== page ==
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Conduct Should-Cost Analysis

Should-cost analysis reveals the cost at which a supplier should furnish an item or service to the Postal Service, given reasonable economy and efficiency of operations. It should not be confused with the cost analysis of a proposal. Should-cost analysis focuses on continuously improving processes and practices to meet or exceed supply chain requirements. The should-cost analysis breaks down the component costs of a purchase, which give insight into the ideal cost target. The analysis also helps define purchase costs, leads to further refinement of the total cost of ownership (TCO), and helps ensure that the purchase will be conducted with sufficient information.

The following areas are applicable to conducting a should-cost analysis:

When to conduct

Sources for analysis

Possible results

When to Conduct

A should-cost analysis can be complex and time consuming. It can be conducted for large programs or individual projects and can result in substantial savings to the Postal Service. The following circumstances are conducive to conducting a should-cost analysis:

Client or Purchase/SCM Team has little or no previous knowledge of costs

Inadequate competition in the marketplace

Price analysis cannot determine whether a supplier's price is fair and reasonable

Item acquired has a history of increasing costs

The purchase is at the point in the supply chain process when it is defined and major changes are unlikely

Sufficient time and personnel are available to conduct the analysis

Objective of driving cost reductions in the early stages of new product development by challenging requirements, specifications, and services

Current contracts with suppliers where any of the above criteria is met

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Sources for Analysis

Individuals involved in a Should-Cost Analysis should include analysts from the Purchase/SCM Team, as well as representatives from Finance, Engineering, and other relevant technical specialists. They will draw from public sources that include:

Industry benchmarks

Commodity market movements (show historical costs of commodities so cost elements can be correctly calculated by taking into account price fluctuations)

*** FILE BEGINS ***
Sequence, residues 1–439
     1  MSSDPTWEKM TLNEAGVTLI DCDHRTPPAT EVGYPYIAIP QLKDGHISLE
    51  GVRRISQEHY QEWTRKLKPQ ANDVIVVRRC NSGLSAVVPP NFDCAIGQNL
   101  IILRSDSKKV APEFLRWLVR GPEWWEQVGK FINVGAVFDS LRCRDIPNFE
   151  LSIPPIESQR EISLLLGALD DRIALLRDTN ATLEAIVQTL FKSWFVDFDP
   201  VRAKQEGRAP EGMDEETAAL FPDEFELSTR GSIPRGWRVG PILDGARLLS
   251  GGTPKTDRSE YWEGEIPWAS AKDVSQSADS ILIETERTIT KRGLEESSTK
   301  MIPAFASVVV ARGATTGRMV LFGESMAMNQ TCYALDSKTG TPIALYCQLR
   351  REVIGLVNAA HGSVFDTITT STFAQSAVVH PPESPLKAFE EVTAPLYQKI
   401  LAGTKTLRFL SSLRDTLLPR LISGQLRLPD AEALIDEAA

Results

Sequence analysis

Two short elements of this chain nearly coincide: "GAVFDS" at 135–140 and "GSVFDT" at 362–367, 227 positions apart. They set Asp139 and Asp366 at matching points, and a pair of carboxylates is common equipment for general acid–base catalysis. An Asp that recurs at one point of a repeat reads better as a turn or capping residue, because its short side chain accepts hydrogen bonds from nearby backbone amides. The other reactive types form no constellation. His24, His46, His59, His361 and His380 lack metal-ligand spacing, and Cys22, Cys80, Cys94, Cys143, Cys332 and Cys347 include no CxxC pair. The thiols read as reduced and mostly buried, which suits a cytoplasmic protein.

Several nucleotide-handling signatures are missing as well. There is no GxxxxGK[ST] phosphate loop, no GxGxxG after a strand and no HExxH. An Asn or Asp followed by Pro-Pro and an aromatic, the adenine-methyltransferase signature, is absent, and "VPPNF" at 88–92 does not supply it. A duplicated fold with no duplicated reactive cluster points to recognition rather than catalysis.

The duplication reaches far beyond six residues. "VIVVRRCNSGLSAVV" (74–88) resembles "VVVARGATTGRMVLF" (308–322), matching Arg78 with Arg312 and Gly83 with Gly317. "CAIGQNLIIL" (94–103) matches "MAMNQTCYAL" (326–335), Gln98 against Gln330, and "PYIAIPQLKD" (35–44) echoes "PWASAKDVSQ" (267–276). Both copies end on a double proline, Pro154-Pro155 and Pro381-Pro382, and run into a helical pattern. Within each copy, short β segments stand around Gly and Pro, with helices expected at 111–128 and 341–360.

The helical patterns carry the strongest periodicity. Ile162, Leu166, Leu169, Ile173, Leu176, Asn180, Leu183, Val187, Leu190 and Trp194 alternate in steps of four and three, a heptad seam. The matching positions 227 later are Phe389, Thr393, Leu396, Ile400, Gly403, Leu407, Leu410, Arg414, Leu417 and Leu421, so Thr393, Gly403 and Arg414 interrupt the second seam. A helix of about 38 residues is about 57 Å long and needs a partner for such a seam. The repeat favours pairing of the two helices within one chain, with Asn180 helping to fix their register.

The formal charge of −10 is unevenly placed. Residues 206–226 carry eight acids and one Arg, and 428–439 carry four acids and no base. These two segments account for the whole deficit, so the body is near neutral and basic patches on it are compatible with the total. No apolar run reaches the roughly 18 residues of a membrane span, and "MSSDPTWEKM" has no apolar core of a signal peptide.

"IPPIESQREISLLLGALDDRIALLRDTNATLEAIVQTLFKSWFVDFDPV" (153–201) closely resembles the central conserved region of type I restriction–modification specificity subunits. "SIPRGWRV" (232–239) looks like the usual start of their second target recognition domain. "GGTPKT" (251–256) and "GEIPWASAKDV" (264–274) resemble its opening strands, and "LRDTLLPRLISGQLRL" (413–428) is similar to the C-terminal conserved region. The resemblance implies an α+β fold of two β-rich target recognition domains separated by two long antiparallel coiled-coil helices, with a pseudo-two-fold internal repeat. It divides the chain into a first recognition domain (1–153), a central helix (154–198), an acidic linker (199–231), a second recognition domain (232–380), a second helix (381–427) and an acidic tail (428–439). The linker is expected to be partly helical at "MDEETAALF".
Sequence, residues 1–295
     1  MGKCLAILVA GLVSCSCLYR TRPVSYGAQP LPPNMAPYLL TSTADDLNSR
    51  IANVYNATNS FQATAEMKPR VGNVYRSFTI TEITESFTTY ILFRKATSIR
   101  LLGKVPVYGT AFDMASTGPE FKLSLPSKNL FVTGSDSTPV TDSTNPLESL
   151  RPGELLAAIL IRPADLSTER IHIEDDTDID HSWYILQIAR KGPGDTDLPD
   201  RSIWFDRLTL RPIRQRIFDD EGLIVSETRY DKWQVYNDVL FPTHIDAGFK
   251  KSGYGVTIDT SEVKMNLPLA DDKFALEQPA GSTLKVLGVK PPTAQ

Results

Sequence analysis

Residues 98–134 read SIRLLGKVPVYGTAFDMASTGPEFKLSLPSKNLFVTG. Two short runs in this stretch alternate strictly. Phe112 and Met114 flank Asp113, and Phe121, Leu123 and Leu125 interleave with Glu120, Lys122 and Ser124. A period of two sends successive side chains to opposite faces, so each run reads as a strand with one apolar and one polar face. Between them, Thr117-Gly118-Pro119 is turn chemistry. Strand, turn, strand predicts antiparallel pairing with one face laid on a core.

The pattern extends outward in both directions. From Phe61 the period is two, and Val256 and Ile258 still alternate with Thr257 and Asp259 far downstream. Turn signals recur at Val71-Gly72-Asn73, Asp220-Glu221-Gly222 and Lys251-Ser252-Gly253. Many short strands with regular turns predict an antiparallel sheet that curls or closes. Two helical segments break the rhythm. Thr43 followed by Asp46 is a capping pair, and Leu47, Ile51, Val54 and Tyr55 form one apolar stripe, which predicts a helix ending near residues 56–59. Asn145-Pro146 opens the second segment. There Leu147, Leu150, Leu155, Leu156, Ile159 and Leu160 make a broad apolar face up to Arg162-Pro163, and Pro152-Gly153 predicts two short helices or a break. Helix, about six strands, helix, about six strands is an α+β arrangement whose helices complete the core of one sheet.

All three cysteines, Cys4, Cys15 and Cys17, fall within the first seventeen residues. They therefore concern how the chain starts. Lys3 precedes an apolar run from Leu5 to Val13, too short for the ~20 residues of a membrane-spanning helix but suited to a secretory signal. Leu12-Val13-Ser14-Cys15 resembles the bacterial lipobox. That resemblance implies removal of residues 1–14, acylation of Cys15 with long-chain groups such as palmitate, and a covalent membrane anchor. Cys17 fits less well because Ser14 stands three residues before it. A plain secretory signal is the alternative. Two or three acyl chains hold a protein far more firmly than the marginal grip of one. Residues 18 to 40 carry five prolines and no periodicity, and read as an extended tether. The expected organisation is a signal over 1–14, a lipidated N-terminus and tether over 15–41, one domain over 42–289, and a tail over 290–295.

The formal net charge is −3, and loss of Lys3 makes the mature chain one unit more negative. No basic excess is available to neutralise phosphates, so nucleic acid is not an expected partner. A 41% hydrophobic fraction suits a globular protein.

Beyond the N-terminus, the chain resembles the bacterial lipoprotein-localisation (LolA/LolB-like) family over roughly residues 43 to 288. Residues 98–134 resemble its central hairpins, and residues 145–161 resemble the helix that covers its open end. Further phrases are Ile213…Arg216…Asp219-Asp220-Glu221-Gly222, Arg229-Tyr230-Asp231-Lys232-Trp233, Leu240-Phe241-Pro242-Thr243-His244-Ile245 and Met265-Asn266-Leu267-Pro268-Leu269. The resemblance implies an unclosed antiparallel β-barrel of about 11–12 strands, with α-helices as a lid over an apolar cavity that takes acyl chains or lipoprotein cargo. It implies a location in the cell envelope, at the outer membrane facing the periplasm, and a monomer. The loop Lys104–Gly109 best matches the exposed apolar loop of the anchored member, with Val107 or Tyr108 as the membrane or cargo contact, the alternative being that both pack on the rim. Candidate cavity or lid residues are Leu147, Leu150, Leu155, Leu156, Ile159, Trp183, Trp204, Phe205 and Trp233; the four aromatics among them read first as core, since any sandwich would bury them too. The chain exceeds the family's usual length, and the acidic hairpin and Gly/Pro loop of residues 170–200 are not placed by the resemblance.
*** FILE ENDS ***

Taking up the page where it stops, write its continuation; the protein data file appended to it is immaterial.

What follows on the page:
U.S. Census data (e.g., statistics on manufacturers; ratios such as material to labor, or labor costs based on percentage of sales)

Dun & Bradstreet reports (list cost data such as net income based on sales percentage and supplier's SIC)

United Nations Standard Products and Services Code (UNSPSC) (allows analysts to work backward to determine costs, based on industry data)

Current business and financial ratios (e.g., materials to sales ratio)

Annual reports

Other financial information (e.g., Securities and Exchange Commission (SEC) filings for publicly traded companies, market trends, Institute for Supply Management (ISM) reports and forecasts)

These sources are combined with Client or Purchase/SCM Team estimates and any supplier-provided information. Purchase/SCM Team estimates incorporate commodity expertise and previous experience. Supplier information can consist of cost breakdowns from previous proposals, bills of materials (BOMs), and any other insights into supplier depreciation, labor, materials, and overhead. The analysts use these combined sources to determine which cost elements are out of line in comparison with industry benchmarks, as well as the total price.

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Possible Results

The should-cost analysis determines the major cost drivers (e.g., unit volume can be a cost driver when increasing the unit volume produces lower costs because fewer setups are needed). The results of the analysis may lead to:

Exploring alternative ways of making products

Engineers choosing the most cost-effective processes and considering how individual part features might be modified to optimize manufacturing costs

Reducing products' costs and cycle times

Suppliers unbundling cost elements of the purchase so cost reductions can be worked on together

A benchmark for whether a supplier quotation/offer is reasonable

The should-cost analysis does not guarantee that costs will be reduced. Once completed, the analysis allows the Postal Service to work with suppliers to lower costs, when possible. Should-cost-analysis is relevant when like cost components are compared (e.g., comparing apples to apples). The final Postal Service specifications or terms and conditions may not allow for exact comparisons from the should-cost analysis. There may also be fluctuations in prices for components resulting from external or internal factors that will have to be accounted for when comparing costs.

Components of a Should-Cost Analysis

As shown in Figure 2.5, the following cost components are included in a should-cost analysis:

Sales order processing

Inventories (e.g., raw materials, work in process, finished goods)




Delivery to customer

Other costs (e.g., general and administrative [G&A], customer service charges, training costs)

Figure 2.5

Summary of Should-Cost Model

Cost Elements Companies
Sales order processing $80 $50 $50
Holding inventory $312 $210 $216
Packaging/assembly $325 $301 $294
Loading $34 $32 $35
Transportation $185 $175 $184
Delivery at customer $300 $274 $445
Total other costs $566 $545 $637
Total costs $1,802 $1,587 $1,861

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Other Topics Considered

Develop Preliminary Total Cost of Ownership (TCO) Estimates topic, Conceptualize Need task, Process Step 1: Identify Needs

Conduct Market Research and Benchmarking Analysis topic, Decide on Make vs. Buy task, Process Step 1: Identify Needs

Update/Refine Total Cost of Ownership (TCO) Analysis topic, Prepare Project task, Process Step 2: Evaluate Sources

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